I am blessed. Mightily blessed. I have a nice little house, a car that is paid for but full of dust, oats and junk I am too lazy to throw away or put away. I have dogs and two horse persons! I have everything a human person could possibly need in this lifetime - well, except for maybe a cat. (I can have a cat if ever have to move to town.) It all worked out. All those long years of grinding to work - all those times of kissing ass because I had to - all those years of honestly doing the best work I could do for my company but letting things go to hell at home - all of it paid off and finally came to a pleasant ending. My mother and father are not here to see it. My mother was too ill to ever come to the farm. She would have loved my little house, I am sure of it.
I honestly do not know what happens to people after they die. Some believe in Heaven (and hell). Some believe they will live normal physical lives in a different dimension. Some believe in reincarnation and the balancing of karmic debt. The ancient Toltecs believed that our life force rises to the beak of a mighty eagle and is utterly consumed and only sorcerers, impeccable practitioners, escape this utter end. I believe I have memory from a past life when I was a young Native American man who was betrayed by his white friends in a tragic, heart-rending murder. I believe I remember being shot in the heart at almost point blank range, the betrayal crushing my spirit as my life force quickly bled from the gaping wound. I am not entirely certain if that is from a past life. It is a strange "memory" that does not fit with the rest of my memories or make any sense. But the emotion of it certainly feels real.
No one has ever come back from the dead to personally tell me not to worry. If I ever needed to hear from a dead person, it was after my father died when I was nine. I never heard from him. So, I do not know what happens when we die. Maybe no one knows. Maybe every single belief system is correct. The infinite universes are certainly big enough to contain an infinite number of possibilities. Maybe nothing happens to us when we die. My paternal grandmother believed we simply cease to exist. I can respect that because it certainly appears that way from this side of the grave. However, on the day of her funeral, off to the side away from everyone, I noticed a clear shaft of light in the bright sunlight and knew it was my grandmother taking her final leave of everyone she had loved so well for so long before being swept into the ultimate mystery.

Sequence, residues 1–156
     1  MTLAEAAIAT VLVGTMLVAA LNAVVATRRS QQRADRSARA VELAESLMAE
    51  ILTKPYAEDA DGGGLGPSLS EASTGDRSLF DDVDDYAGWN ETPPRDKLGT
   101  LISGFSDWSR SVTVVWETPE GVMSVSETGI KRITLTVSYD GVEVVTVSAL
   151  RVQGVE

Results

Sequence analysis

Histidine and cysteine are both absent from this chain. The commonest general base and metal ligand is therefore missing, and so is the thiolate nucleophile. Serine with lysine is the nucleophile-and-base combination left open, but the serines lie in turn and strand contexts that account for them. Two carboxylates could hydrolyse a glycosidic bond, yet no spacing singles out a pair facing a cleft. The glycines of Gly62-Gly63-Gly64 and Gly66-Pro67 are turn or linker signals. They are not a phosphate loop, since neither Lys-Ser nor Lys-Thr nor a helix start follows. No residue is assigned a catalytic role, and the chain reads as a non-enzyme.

I think my mother and father know all about my life. I believe that Grandpa, that genuine old cowboy, comes to sit with me sometimes in the cold winter mornings to listen to the horses as they eat their grain. He must have loved the clean air of still winter mornings the same as I do. Never a man who said much in life, he is silent in death but yet I can feel him with me sometimes. And maybe my parents have visited me a time or two. I once stopped on the corner to watch the sunset over the "sacred pond" and recalled fishing with my parents. It was not the fishing I was remembering but the feeling a child has when in the company of both parents. I had that feeling again - a fleeting few moments before it was gone. I think they were there with me, remembering fishing, too.
So, yes, I guess our dead family members must still check up on us, maybe even "drop by" for a little while. Sometimes the Creator answers our prayers. Sometimes we can slog along through life only to look up one day to realize that there was a light at the end of that long tunnel. In my case that light is a tiny little house in the bend of a nameless little creek at the bottom of a long sloping ridge. It is where Wally and Ginger live, the magic horse persons. And where Mattie and Jake live to bark and drive me crazy. It is home, and sometimes my children come here to see me and it is wonderful. I am not a smart woman, but I know when I have a good life!
Many blessings to you and yours in this New Year.
Peace on earth and good will toward some men - from the critters and crazy woman at Spiritcreek!
We are all becoming enlightened down on the farm!!!